Volkswagen to recall 80,000 cars in Ireland as emission scandal rolls on

2 Oct 2015

Close to 80,000 Volkswagen, Audi, Skoda and Seat vehicles are to be recalled in Ireland, as well as possibly 30,000 privately imported cars.

Some 79,348 cars on Irish roads — including Volkswagen, Audi, Skoda and Seat vehicles — are to be recalled for testing by Volkswagen following the revelation that the cars’ computers contain software designed to help them cheat emissions tests.

The cars include 34,387 Volkswagen passenger cars, 8,107 Volkswagen commercial vehicles, 16,484 Audis and 16,004 Skodas that were sold through Volkswagen’s authorised dealer network.

A further 30,000 vehicles bought as used imports may also be affected.

Volkswagen recently admitted that software designed to cheat US emissions tests for nitrogen oxide was included in the engine management system of its EA 189 diesel engine that was in Volkswagen, Audi, Seat and Skoda vehicles sold between 2008 and 2014.

Around the world, some 11m cars are believed to be affected.

Rocky road ahead for Volkswagen

The scandal prompted the immediate resignation of ex-Volkswagen CEO Martin Winterkorn, who now faces a criminal investigation. Winterkorn was replaced as CEO of Volkswagen by former Porsche CEO Matthias Müller.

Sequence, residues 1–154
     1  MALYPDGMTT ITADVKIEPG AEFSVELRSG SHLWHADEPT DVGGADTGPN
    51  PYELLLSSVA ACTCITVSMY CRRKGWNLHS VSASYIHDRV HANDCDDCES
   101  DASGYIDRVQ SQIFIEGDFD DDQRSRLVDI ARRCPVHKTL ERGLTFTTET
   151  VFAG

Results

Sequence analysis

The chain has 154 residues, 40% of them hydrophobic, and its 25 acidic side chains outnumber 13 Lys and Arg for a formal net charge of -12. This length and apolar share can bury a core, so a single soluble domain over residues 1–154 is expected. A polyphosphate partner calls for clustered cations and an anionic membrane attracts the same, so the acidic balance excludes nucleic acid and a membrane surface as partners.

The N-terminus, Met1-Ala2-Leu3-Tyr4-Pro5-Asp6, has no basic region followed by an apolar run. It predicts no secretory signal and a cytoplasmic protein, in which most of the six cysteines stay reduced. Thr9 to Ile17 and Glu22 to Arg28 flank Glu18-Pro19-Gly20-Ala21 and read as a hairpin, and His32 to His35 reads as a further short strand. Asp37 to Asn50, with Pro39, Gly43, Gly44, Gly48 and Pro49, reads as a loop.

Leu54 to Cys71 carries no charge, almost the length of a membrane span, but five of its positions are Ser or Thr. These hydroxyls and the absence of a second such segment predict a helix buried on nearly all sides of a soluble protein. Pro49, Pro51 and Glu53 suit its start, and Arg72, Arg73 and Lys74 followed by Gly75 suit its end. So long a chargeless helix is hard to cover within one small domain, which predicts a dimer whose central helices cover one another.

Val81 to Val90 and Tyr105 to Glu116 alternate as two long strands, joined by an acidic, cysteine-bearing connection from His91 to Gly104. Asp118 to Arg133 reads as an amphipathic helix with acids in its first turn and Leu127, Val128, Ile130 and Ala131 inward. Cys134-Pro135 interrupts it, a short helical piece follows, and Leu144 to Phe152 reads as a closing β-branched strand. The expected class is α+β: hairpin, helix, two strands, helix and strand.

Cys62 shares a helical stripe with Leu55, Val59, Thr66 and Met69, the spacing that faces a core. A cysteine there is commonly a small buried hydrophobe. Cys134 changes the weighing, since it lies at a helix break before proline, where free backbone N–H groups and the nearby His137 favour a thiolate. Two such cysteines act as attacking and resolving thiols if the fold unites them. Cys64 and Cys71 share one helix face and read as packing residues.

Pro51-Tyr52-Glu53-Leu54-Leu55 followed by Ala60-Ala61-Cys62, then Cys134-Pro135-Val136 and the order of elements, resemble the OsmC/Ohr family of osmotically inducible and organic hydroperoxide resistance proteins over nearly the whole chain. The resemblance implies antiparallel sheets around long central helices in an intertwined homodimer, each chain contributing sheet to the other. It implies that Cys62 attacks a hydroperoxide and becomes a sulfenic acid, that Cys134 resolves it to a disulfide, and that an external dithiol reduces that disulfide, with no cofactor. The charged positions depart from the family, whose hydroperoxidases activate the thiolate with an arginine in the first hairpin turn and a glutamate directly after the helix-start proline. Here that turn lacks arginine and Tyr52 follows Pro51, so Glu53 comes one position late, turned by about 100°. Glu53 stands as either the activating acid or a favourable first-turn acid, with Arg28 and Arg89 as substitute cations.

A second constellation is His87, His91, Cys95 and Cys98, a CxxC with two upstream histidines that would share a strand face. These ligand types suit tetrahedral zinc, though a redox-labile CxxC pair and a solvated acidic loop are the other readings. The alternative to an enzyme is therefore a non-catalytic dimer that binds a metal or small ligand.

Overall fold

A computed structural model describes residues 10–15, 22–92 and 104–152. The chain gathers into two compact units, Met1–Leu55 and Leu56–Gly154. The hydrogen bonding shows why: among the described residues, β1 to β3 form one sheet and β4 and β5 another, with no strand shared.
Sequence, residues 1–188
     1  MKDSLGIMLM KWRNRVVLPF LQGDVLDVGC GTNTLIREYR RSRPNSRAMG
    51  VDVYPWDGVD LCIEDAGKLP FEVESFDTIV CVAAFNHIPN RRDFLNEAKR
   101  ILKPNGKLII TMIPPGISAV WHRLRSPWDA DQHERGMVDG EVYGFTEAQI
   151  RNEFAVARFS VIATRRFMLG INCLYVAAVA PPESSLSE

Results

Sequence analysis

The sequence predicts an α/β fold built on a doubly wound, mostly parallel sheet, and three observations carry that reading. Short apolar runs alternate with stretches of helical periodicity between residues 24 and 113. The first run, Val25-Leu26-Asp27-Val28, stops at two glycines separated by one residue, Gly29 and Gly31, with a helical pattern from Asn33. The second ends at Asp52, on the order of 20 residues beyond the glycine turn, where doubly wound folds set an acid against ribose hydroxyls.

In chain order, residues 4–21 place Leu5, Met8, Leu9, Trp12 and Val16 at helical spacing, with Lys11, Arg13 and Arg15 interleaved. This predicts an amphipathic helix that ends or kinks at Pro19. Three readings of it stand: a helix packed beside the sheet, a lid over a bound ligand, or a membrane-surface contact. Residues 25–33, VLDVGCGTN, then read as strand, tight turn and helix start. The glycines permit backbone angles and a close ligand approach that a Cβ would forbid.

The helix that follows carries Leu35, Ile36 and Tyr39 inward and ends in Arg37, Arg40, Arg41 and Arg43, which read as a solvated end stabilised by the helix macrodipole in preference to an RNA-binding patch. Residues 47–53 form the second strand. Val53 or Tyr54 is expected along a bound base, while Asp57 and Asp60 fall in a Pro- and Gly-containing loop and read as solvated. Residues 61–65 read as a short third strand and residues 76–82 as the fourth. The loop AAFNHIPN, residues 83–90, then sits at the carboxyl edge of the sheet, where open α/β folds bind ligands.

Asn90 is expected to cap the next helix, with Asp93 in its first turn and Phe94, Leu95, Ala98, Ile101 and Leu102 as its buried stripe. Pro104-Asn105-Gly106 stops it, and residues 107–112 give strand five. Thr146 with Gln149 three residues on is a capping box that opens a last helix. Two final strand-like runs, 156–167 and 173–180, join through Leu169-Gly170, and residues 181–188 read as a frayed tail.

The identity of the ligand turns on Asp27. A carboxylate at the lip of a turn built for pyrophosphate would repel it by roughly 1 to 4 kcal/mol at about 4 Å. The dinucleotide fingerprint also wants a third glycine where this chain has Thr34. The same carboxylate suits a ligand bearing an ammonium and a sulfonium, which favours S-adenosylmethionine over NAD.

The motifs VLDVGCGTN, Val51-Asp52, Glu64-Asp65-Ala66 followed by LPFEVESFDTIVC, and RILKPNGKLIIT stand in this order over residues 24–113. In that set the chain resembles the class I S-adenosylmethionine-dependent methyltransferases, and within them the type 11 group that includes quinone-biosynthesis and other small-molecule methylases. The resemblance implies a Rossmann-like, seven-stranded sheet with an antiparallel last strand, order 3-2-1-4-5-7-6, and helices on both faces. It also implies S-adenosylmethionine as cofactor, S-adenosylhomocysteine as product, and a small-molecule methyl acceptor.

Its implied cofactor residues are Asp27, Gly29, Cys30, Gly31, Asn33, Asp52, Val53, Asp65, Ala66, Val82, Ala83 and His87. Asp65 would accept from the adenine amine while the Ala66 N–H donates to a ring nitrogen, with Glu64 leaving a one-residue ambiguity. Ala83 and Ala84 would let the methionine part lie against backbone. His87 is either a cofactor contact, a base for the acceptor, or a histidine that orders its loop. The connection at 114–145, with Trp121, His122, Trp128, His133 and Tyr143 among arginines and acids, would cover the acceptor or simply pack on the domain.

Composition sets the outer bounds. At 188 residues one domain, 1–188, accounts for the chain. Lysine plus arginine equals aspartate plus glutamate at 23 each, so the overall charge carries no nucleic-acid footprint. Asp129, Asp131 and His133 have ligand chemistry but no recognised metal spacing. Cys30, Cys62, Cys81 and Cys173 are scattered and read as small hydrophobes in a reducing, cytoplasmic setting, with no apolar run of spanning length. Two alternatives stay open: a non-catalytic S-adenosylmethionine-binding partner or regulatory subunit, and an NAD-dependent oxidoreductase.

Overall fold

The recall will require engineers to work on the software in the cars and possibly the hardware in the EA 189 engines.

This will enable the engines to be recalibrated in order to burn fuel more efficiently and reduce the possibility of dangerous NOx toxins being released to the atmosphere.

Volkswagen Group Ireland said the Vehicle Identification Number (VIN) details of affected vehicles will be released centrally from brands to retailers and an online self-service process will be created for vehicle owners to see if their car has been affected.

The automotive giant stressed that all vehicles affected are technically safe and roadworthy.

“Affected customers will be contacted, with details of a process to get their vehicles corrected in the near future,” Volkswagen stated.

Volkswagen image via Shutterstock

John Kennedy is a journalist who served as editor of Silicon Republic for 17 years